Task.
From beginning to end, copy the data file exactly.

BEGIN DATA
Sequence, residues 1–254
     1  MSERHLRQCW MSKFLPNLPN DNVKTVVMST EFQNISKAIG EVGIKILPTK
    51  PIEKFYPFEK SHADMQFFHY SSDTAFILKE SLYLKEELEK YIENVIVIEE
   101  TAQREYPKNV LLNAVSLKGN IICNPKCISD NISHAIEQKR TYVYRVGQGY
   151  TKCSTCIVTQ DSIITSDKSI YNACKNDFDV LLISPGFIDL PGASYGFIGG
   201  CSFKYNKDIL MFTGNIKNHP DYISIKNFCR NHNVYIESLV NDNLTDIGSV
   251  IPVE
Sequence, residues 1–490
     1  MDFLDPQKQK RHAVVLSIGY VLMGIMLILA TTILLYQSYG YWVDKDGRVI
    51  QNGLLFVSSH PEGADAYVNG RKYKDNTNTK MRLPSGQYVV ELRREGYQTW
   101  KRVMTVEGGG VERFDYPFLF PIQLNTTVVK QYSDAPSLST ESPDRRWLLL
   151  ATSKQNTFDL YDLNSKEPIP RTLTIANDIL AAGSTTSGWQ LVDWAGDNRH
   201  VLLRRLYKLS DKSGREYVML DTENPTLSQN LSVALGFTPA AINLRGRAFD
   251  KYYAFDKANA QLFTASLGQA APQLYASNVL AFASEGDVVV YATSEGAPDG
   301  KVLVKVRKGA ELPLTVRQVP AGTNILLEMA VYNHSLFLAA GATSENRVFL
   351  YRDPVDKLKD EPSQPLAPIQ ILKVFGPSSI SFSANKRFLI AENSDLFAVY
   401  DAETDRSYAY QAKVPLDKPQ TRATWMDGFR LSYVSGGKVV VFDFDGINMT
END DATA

Sequence, residues 1–254
     1  MSERHLRQCW MSKFLPNLPN DNVKTVVMST EFQNISKAIG EVGIKILPTK
    51  PIEKFYPFEK SHADMQFFHY SSDTAFILKE SLYLKEELEK YIENVIVIEE
   101  TAQREYPKNV LLNAVSLKGN IICNPKCISD NISHAIEQKR TYVYRVGQGY
   151  TKCSTCIVTQ DSIITSDKSI YNACKNDFDV LLISPGFIDL PGASYGFIGG
   201  CSFKYNKDIL MFTGNIKNHP DYISIKNFCR NHNVYIESLV NDNLTDIGSV
   251  IPVE
Sequence, residues 1–490
     1  MDFLDPQKQK RHAVVLSIGY VLMGIMLILA TTILLYQSYG YWVDKDGRVI
    51  QNGLLFVSSH PEGADAYVNG RKYKDNTNTK MRLPSGQYVV ELRREGYQTW
   101  KRVMTVEGGG VERFDYPFLF PIQLNTTVVK QYSDAPSLST ESPDRRWLLL
   151  ATSKQNTFDL YDLNSKEPIP RTLTIANDIL AAGSTTSGWQ LVDWAGDNRH
   201  VLLRRLYKLS DKSGREYVML DTENPTLSQN LSVALGFTPA AINLRGRAFD
   251  KYYAFDKANA QLFTASLGQA APQLYASNVL AFASEGDVVV YATSEGAPDG
   301  KVLVKVRKGA ELPLTVRQVP AGTNILLEMA VYNHSLFLAA GATSENRVFL
   351  YRDPVDKLKD EPSQPLAPIQ ILKVFGPSSI SFSANKRFLI AENSDLFAVY
   401  DAETDRSYAY QAKVPLDKPQ TRATWMDGFR LSYVSGGKVV VFDFDGINMT